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The Alabama Best Practices Center (ABPC) is a place where educators can turn for assistance, inspiration and information about teaching and student achievement.

Our purpose is to help teachers and administrators develop the competence, commitment, and courage to do whatever it takes to improve student learning.

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REVIEW: The Principles of Appreciative Leadership Can Strengthen Schools
July 31, 2015
by Cathy Gassenheimer

When someone recommended the book, Appreciative Leadership: Focus on What Works to Drive Winning Performance and Build a Thriving Organization, I was intrigued. I guessed, correctly, that its recommendations would be aligned with Jim Knight’s partnership principles, and, when reading it, discovered lots of useful and practical ideas.
Co-authored by three writers associated with the Corporation for Positive Change, the book, at times, seemed a bit too “touchy-feely” for me. Nonetheless, much of the material can be a valuable read to those interested in strengthening their appreciation of others, their work, and even the world in which they live.
The book suggests five core strategies that can actualize appreciative leadership. They all emerge from the idea that we want to build on strengths, not anchor ourselves to shortcomings:Read More
Review: Shifting the Secondary Mindset from Teacher-Centered to Student-Centered Coaching
July 14, 2015
DeAnna Miller is an instructional coach in the Enterprise City (AL) Schools and a member of the Alabama Instructional Partners Network. Here, she reviews a valuable book for coaches and principals at the junior and senior high school level.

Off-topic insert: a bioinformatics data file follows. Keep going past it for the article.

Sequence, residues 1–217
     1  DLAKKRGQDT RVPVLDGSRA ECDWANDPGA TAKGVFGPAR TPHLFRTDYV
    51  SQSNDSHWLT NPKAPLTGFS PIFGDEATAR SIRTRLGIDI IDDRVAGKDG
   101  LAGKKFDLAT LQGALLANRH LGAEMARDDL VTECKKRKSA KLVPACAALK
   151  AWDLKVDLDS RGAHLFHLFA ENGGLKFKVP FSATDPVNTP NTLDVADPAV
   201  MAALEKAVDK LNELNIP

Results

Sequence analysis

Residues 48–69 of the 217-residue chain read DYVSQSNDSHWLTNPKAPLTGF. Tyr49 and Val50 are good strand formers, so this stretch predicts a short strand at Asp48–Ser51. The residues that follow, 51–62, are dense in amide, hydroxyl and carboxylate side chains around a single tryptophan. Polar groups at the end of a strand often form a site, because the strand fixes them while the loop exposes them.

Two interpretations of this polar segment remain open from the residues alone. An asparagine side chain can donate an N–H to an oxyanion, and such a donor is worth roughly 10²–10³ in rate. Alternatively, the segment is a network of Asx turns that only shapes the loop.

by DeAnna Miller

Coaching at the secondary level can be very challenging. Most teachers are content-specific and schedules are not completely conducive to collaborative planning. As a result, coaches can struggle to meet the day-to-day needs of the teachers they are trying to support.

This was my own struggle over the past school year. Being a new full-time secondary coach, I found my time and attention being split in many directions. However, I have found a new tool to help me overcome some of the challenges I faced this year, and I feel confident and ready for the new school year.

The new tool in my toolbox is Diane Sweeney’s coaching book, Student-Centered Coaching at the Secondary Level (Corwin, 2013). Sweeney’s book is full of helpful concepts, theories and practices that she encourages readers to explore – not in a rigid manner, but in a thoughtful way – adapting what they can to the needs of their individual school and staff.Read More
Cognitive Coaching Tools Can Help Us Guide Rather Than Tell
July 10, 2015
by Cathy Gassenheimer

It’s not too often that we like people telling us what to do or, worse, telling us what we did incorrectly. Yet as we know, feedback—both from others and from ourselves—is critically important to growth. That’s where cognitive coaching comes in.
Developed by Art Costa and Bob Garmston, cognitive coaching is designed to help the person being coached make better decisions and be more self-directed. They define cognitive coaching as a “nonjudgmental, developmental, reflective model” designed to “strengthen professional performance by enhancing one’ ability to examine familiar patterns of practice and reconsider underlying assumptions that guide and direct action.” (Cognitive Coaching, 2002, p. 5)
A supporting resource, Cognitive Coaching: Weaving Threads of Learning and Change into the Culture of an Organization (2003, 2013), edited by Jane Ellison and Carolee Hayes, provides examples of organizational use of cognitive coaching, ranging from the schoolhouse to the individual classroom.
Using the metaphor of weaving, Ellison and Hayes approached editing the book with this assumption:
“It is the task of leadership to examine each thread and find the best ones to weave a strong fabric that serves students first, while also expanding the development of professional staff.” (p. xiv)
The book is organized into three sections: (1) The organization as a system; (2) The school as the unit of change; (3) Classroom practices that “bring coaching into the lives of students.” Each chapter begins with a brief introduction so the reader can determine if its content is relevant to their interests. Hence, this is a book that can serve as a guide, not necessarily one that requires the reading of every chapter.Read More
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